CVC 530 Definition of “roadway” does not include shoulder
530. A “roadway” is that portion of a highway improved, designed, or ordinarily used for vehicular travel.
This section of the vehicle code, which defines “roadway”, is relevant to bicyclists becausethe definition excludes shoulders (since shoulders are not “improved, designed or ordinarily used for vehicular travel”; vehicular travel on shoulders is prohibited), and bicyclists are required by CVC 21202 to only ride far right in the “roadway”. This means bicyclists are never required to ride in the shoulder. Cyclists required to keep right only when faster same direction traffic is present on long turn-free sections with wide lanes and no debris or other hazards
CVC 21202 (A) Operation on Roadway
21202. A. Any person operating a bicycle upon a roadway at a speed less than the normal speed of traffic moving in the same direction at that time shall ride as close as practicable to the right-hand curb or edge of the roadway except under any of the following situations:
Section 21202 (a) addresses the roadway position that a bicyclist moving slower than other traffic should use in the rare situations when none of the exceptions listed apply. Even then, the shall ride as close as practicable to the right wording is commonly misunderstood, even by law enforcement officers, to mean that a bicyclist must always travel as far as possible to the right-hand side of the road.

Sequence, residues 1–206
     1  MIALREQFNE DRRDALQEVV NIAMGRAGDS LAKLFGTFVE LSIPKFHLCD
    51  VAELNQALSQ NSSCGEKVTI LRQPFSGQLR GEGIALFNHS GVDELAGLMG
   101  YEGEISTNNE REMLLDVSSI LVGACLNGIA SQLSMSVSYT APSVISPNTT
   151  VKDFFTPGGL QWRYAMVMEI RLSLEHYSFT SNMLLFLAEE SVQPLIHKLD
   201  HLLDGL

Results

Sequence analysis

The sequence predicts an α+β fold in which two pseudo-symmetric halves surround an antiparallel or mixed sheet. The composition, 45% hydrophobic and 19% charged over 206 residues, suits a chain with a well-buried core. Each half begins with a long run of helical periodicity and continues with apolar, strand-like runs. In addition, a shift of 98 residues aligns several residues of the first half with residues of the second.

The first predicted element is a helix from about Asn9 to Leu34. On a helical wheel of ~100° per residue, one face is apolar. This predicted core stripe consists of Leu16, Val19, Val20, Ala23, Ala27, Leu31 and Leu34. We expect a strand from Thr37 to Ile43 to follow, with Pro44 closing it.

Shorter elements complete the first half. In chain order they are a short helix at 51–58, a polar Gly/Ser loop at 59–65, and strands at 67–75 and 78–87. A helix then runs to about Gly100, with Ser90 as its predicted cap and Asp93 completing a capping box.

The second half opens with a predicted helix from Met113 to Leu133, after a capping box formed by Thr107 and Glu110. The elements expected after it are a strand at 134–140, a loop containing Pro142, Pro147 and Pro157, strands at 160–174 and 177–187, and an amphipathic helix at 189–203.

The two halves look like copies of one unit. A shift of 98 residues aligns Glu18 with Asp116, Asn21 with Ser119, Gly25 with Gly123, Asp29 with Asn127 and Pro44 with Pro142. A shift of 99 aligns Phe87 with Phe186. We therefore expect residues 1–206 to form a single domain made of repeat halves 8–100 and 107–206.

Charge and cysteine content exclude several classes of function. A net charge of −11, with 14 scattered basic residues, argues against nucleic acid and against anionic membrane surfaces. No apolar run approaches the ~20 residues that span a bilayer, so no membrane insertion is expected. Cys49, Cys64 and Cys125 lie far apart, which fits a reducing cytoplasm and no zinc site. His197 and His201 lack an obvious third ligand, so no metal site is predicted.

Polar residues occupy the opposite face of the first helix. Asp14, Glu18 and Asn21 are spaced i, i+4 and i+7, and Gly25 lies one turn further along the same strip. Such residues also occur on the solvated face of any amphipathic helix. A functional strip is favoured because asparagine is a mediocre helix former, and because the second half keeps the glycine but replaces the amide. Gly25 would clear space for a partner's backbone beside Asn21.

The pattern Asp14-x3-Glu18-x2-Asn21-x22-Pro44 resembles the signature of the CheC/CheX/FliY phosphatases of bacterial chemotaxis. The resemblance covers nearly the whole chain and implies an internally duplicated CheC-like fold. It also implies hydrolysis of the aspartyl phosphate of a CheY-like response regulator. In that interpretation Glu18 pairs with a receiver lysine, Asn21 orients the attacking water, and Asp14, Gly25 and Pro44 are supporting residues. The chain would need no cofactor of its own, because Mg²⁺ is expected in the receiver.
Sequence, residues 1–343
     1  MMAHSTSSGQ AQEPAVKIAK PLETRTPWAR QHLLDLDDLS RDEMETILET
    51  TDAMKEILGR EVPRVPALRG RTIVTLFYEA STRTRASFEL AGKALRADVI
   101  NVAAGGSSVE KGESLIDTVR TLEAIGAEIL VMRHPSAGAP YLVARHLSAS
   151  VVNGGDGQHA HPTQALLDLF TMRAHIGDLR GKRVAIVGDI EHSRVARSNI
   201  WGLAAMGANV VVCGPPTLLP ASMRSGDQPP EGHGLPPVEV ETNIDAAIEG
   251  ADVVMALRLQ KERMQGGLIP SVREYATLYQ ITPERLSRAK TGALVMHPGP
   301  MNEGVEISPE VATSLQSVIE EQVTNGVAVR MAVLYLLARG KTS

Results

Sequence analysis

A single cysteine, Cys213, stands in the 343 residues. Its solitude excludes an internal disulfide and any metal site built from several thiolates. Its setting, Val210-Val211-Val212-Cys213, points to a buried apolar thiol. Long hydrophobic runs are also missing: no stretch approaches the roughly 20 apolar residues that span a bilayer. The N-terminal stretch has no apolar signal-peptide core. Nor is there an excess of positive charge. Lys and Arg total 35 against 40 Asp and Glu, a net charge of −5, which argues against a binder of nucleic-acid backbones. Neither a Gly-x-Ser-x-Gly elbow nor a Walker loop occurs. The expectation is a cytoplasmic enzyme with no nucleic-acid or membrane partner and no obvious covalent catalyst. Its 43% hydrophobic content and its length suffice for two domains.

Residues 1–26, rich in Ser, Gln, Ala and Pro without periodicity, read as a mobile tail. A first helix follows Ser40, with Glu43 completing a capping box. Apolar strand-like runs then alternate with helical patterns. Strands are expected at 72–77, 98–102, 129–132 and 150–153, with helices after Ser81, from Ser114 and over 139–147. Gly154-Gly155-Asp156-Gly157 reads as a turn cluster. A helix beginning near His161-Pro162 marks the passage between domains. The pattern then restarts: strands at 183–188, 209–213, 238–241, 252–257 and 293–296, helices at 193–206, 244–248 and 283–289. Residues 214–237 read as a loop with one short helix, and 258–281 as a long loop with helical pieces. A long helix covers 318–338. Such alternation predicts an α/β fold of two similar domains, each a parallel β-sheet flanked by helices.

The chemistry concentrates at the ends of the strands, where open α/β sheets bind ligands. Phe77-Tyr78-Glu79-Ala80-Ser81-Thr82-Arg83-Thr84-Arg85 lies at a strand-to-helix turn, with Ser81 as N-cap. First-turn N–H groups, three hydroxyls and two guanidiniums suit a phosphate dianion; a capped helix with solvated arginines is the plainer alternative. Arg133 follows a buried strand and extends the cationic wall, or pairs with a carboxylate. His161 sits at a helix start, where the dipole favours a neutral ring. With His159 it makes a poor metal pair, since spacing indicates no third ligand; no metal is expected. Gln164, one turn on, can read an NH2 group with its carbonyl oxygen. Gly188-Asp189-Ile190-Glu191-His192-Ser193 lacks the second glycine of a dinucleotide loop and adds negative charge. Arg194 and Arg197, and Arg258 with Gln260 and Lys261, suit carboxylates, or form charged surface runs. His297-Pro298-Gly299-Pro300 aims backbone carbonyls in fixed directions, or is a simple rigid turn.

Simply put, whenever a bicyclist in any of the following situations:
There is no legal or safety reason or obligation to “ride as close as practicable to the right”, as long as the cyclist safely merges left without violating anyone’s right of way. Lane sharing is not required when lane is less than fourteen feet wide
In general a lane must be at least fourteen feet wide for it to be considered wide enough to be safely shared side-by-side with other vehicles (per 21202(a)(3)). Since outside lanes are often more narrow than fourteen feet, this exception alone often alleviates a bicyclist from having to ride “as close as practicable to the right” in a lane sharing position. Lane sharing is not required whenever approaching any place where right turns can be made.
Whenever a bicyclist is “approaching a place where a right turn is authorized”, 21202 (a) (4) alleviates the bicyclist from having to ride “as close as practicable to the right”, no matter how slow he or she is traveling. Considering moving at 15 mph through a residential neighborhood is encountering a driveway every 3-6 seconds (assuming lots 50-100 feet in length, and each lot has a driveway), such a bicyclist is arguably constantly “approaching a place where a right turn is authorized”. Similar situations are frequently encountered in business districts. So this reason too often suffices alone in alleviating bicyclists from having to ride “as close as practicable to the right”.
But even when traveling along a long block with a wide outside lane and without any driveway or alley junctions, as soon as the cyclist is within 100-200 feet of the end of the block, the cyclist is “approaching a place where a right turn is authorized” and he or she is no longer obligated to ride “as close as practicable to the right”. There are important safety reasons to take advantage of this legal opportunity to safely merge left well out into the vehicular traffic lane.